Sheila advocated for women to take an equal role in the underground press:
In July 1969… Ann Arbor, Michigan… a four-day UPS [Underground Press Syndicate] conference that was hosted by a commune called Trans-Love Energies Unlimited. … the group managed to discuss many of the main issues that were roiling the underground press in this period. One focal point was sexism; a group of women’s liberationists complained that they were treated shabbily by their colleagues, and despite heavy opposition from the White Panthers, LNS’s Sheila Ryan was able to spearhead the passage of a three-point resolution proclaiming: “(1) sexism must be eliminated from the underground paper’s contents and ads, (2) undergrounds should publish articles on women’s oppression, (and) (3) women should have full roles in underground papers’ staffs.”
— From Smoking Typewriters, John McMillian, Oxford University Press, 2011, page 120-122.
A slightly longer version of this resolution is given in the Wikipedia entry on UPS which sounds like Sheila’s composition;
1. That male supremacy and chauvinism be eliminated from the contents of the underground papers. For example, papers should stop accepting commercial advertising that uses women’s bodies to sell records and other products, and advertisements for sex, since the use of sex as a commodity specially oppresses women in this country. Also, women’s bodies should not be exploited in the papers for the purpose of increasing circulation.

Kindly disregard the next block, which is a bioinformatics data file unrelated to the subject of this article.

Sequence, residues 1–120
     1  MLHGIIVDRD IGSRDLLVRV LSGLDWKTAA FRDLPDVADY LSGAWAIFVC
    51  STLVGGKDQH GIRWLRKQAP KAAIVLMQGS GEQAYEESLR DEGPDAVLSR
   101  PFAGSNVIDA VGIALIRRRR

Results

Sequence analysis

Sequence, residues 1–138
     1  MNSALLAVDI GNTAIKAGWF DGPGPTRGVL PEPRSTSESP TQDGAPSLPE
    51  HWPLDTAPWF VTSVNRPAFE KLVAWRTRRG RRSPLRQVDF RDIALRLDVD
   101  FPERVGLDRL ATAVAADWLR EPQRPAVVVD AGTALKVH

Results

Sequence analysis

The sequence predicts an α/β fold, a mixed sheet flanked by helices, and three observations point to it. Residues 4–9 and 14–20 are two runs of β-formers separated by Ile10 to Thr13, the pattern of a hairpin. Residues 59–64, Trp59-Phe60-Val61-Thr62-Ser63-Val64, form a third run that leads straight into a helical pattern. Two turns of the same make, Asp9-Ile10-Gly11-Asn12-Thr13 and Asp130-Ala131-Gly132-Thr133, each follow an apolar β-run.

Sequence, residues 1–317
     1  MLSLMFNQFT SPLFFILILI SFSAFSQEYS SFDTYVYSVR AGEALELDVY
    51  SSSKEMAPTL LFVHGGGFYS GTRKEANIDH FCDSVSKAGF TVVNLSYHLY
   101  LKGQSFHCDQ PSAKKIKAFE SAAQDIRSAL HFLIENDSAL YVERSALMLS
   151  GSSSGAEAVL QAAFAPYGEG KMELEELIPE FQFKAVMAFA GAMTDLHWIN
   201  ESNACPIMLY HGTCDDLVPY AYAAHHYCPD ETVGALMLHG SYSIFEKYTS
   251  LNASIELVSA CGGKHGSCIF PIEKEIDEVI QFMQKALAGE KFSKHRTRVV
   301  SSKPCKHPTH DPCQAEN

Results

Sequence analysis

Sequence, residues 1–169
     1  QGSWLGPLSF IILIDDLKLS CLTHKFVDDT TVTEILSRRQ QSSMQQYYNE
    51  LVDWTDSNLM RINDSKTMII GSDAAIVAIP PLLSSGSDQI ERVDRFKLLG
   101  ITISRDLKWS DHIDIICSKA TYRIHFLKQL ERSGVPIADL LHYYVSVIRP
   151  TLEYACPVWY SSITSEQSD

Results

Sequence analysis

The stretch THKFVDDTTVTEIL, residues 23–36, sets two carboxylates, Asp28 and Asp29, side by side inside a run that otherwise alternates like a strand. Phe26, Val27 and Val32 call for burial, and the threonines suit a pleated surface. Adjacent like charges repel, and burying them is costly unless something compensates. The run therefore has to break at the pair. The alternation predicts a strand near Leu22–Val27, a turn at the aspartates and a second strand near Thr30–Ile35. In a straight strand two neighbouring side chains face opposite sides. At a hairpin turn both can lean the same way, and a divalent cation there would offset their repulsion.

2. That papers make a particular effort to publish material on women’s oppression and liberation with the entire contents of the paper.
3. That women have a full role in all the functions of the staffs of underground papers.
LNS member Andy Marx accompanied Sheila to the UPS meeting and tells the story this way:
We went to this meeting … it was this really weird thing, it was out on this sort of farm outside of Ann Arbor, with — one of the organizing groups was the White Panther Party, who fancied themselves to be the equivalent of the Black Panthers, so there’s this sort of wasted looking guy named Fuzzy, that was his nickname, with a 22 and something — sitting at the end of the driveway, as if he was going to … fight them off [if the police came].
The papers, a lof them that were represented there were all into this — a lot of them survived on advertising that was full of sort of misogynistic images of women, and Sheila, just in this non-confrontational but absolutely persistant — I mean, she just wouldn’t let go of it — carried on this long debate / discussion, and it ended up they adopted a position saying that the papers should, both in their content page coverage and in their advertising pages, they should repudiate sterotype and demeaning images of women.
… So she was dealing with … these stoned guys who were sort of proclaiming about being too hard-core political, and being uptight about this — “so we have pictures of naked chicks, you know, what’s the problem, you know, we all want to be free.” … And she managed — it was impressive — to communicate across the board.